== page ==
Sunday, 26 October 2014

Martin O'Meara VC

Journalist Andrea Mayes interviewed me via email the other week, and has written what I think is a sensitive and balanced article about Martin O'Meara VC on her online news page.

(I wouldn't have used the word 'debunked', myself, because that's not what I'm trying to do, but that's a minor quibble.)

This article, though, has caused something of a stir. Some of the responses I've had indicate that people think it is insulting to suggest that O'Meara may have had something already in his makeup that turned out to be both a strength and a weakness, and that it in some way diminishes his courage under fire.

So here's some broad responses to some of the criticisms I've received:

1) We can't say with any precision WHAT O'Meara's diagnosis was, because the records are too old and too imperfect. And even if we did have good records, psychiatry is still such an inexact science that we'd still only be speculating. People tend to forget that psychiatry is still uncertain about the origins of almost all mental illnesses.

2) It's not casting aspersions on O'Meara, or on any other war veteran, to speculate that he may have had a pre-existing condition or a genetic predisposition that led to his serious problems after the war, which included a lot of violent outbursts and delusions.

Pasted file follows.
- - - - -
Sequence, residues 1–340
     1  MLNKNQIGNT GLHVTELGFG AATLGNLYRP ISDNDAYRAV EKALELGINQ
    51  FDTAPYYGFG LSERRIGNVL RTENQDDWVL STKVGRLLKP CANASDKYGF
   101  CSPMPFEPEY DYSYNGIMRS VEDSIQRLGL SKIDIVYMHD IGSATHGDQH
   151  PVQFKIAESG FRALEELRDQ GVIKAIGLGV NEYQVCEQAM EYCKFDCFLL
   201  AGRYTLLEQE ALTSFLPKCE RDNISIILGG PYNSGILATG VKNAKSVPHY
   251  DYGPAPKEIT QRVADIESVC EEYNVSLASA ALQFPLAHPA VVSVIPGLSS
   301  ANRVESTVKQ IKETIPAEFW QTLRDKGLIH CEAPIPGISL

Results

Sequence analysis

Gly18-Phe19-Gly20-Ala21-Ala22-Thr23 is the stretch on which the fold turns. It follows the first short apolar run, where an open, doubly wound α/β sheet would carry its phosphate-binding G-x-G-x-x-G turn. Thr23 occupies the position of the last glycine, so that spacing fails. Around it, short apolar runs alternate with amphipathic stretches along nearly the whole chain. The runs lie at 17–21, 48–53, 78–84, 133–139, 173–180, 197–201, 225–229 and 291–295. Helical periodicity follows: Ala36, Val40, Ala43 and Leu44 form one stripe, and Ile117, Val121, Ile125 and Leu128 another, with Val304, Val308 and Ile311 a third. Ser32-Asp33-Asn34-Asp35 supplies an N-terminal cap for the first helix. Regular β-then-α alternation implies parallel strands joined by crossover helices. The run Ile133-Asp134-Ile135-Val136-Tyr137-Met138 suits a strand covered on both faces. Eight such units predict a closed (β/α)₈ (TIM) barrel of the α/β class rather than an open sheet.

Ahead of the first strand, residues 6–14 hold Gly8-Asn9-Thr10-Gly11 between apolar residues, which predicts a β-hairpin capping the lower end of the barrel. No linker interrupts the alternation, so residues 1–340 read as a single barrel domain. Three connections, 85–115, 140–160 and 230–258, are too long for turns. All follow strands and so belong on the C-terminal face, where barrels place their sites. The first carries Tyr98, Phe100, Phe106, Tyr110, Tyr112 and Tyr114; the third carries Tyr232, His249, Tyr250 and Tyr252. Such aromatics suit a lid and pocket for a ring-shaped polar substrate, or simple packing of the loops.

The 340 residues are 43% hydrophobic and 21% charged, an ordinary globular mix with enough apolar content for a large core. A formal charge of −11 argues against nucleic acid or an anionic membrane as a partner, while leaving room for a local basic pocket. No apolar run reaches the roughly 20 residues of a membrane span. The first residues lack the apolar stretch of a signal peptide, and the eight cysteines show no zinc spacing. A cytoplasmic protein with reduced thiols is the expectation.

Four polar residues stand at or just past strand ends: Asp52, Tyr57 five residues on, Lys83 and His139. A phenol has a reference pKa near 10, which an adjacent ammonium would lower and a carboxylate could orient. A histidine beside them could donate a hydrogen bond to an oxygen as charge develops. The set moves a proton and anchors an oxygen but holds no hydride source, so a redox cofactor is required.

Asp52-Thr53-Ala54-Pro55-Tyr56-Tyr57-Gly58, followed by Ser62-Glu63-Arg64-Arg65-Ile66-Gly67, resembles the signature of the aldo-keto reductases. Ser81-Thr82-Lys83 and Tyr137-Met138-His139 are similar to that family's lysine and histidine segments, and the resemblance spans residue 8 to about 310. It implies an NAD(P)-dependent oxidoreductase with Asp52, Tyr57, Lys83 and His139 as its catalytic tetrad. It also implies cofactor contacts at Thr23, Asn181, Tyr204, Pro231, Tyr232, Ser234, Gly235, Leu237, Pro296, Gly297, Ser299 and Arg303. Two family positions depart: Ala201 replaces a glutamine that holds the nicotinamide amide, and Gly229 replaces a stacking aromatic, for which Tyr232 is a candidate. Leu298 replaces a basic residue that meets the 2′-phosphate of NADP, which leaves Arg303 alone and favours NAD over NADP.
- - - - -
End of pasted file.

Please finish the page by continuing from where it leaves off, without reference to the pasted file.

3) Martin O'Meara may not have had what we now call PTSD; he may have had trauma-induced psychosis. This is slightly different, and bears more examination in the light of some of his symptoms. And there's nothing wrong with speculating about this, as long as it's acknowledged as speculation.

4) If pre-existing conditions and genetic predispositions are as widespread in the general population as some psychiatric researchers think they are, then they are going to be represented in the military, as well as in other walks of life.

5) Not everything to do with mental conditions is relentlessly negative. People with diagnoses have reported all kinds of new insights, new talents and new ways of seeing life, as a direct result of their diagnosis. Hence the Churchill comparison; a man whose mental illness was an inescapable part of his life, but which also moulded his character in ways that we can all be grateful for.

6) O'Meara's courage is unquestioned, as is his contribution under fire. It doesn't diminish this to speculate that some of that courage came from an inner disposition which, once the trauma of war was over, also led him to become so very unwell for the rest of his life.

After WWI, most men with psychiatric injury who returned to Western Australia were sent to Claremont Hospital for the Insane. After a huge amount of public campaigning, and some very good machinations by the State government, Lemnos Hospital was built and opened in 1926.

This Hospital came into existence because enough people saw a difference between 'people who went mad of their own fault' - the alcoholics, people with tertiary syphilis, and other undesirables who filled Claremont at the time - and 'people who went mad in a noble cause', such as war veterans.

Do we still think that way about people with mental illnesses? And do we treat them differently because we make judgements about the origin of their mental problems?

No comments:

Post a Comment

Note: only a member of this blog may post a comment.